Few things are as terrifying as living in a world of fear and paranoia where the walls talk to you and people can read your mind, see through your eyes, sense you. One slip and others know your innermost weaknesses and secrets. When I was diagnosed with paranoid schizophrenia at age 15, the future looked bleak. Was this all one long nightmare? What was the point of trying when hope was tapered to a thin thread?
Years later, I was re-diagnosed with schizoaffective disorder. Could things get worse?
Thirty-two years later after my first psychotic break, I know I am not alone. I would not be where I am today without my family, especially my husband who helps me cope.
With self-determination and the aid of others, I completed a fine art diploma and a bachelor's degree in art history. I enjoy painting and exhibiting my work.
In writing my memoir, My Schizophrenic Life: The Road to Recovery from Mental Illness, I was able to give back to the community by sharing my story of recovery. In attempts to build awareness and lessen stigma, I have told my story in many talks and presentations.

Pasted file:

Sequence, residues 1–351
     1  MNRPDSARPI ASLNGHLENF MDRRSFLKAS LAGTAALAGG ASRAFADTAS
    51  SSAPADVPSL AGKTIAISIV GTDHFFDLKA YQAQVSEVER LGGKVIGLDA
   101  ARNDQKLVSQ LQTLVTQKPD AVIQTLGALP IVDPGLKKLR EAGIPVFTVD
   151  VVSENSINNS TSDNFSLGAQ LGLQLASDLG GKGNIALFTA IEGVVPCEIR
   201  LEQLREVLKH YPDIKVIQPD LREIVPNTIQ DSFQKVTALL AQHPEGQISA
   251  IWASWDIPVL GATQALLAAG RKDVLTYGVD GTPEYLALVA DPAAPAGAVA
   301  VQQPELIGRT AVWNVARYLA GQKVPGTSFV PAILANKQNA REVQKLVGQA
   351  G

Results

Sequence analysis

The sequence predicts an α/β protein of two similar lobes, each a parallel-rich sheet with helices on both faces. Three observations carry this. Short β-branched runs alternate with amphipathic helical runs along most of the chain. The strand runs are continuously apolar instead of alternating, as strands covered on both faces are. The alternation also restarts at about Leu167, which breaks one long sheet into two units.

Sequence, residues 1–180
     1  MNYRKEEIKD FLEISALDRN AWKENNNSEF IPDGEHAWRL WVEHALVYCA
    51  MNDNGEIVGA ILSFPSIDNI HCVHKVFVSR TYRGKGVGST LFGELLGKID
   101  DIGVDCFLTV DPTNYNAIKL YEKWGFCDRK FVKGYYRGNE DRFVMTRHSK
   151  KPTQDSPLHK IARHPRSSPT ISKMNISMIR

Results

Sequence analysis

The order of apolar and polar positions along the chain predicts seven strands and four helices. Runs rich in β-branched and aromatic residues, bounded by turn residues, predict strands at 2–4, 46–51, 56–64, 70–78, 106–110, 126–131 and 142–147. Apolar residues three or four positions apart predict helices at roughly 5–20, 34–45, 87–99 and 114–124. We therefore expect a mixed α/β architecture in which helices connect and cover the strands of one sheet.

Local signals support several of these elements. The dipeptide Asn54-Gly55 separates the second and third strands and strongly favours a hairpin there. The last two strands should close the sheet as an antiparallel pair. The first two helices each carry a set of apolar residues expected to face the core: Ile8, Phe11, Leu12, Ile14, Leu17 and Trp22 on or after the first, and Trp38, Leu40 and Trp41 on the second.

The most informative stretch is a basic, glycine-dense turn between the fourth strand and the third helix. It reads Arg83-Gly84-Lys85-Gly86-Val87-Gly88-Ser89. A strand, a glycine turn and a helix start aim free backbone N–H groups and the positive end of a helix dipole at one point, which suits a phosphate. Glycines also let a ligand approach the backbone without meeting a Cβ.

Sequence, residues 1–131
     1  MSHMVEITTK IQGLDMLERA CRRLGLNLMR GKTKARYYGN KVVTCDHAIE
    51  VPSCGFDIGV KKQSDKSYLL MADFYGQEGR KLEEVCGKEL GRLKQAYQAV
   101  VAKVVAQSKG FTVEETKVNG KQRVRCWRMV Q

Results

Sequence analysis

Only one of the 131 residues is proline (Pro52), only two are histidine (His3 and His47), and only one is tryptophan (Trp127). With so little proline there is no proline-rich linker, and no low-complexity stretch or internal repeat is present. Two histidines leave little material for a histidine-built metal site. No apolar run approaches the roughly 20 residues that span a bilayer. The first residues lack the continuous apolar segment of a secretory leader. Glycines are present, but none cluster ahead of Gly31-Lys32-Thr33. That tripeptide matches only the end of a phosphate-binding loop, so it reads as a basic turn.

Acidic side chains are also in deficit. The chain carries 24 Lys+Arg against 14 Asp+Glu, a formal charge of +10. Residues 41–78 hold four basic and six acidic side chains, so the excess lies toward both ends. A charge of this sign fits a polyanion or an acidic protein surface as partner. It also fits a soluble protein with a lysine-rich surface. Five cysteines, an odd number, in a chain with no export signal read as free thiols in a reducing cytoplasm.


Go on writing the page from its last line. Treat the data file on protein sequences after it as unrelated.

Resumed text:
In 2012, I received the Courage to Come Back Award in the mental health category from Coast Mental Health in British Columbia for having faced extreme adversity, rising above it and giving back to society. Also in 2012, I was chosen as one of five Faces of Mental Illness for the Canadian Alliance on Mental Illness and Mental Health campaign. During Mental Illness Awareness Week, I and others flew to Ottawa to speak to Members of Parliament and the Governor General and his wife about building awareness, aiding people with mental illness in the community and promoting mental health in workplaces through government initiatives.
I would want others who have experienced struggle to know they are not alone and to share with them the renewed hope that I have in the future.
To view my blog and links to art and writing, visit: http://symackay.blogspot.com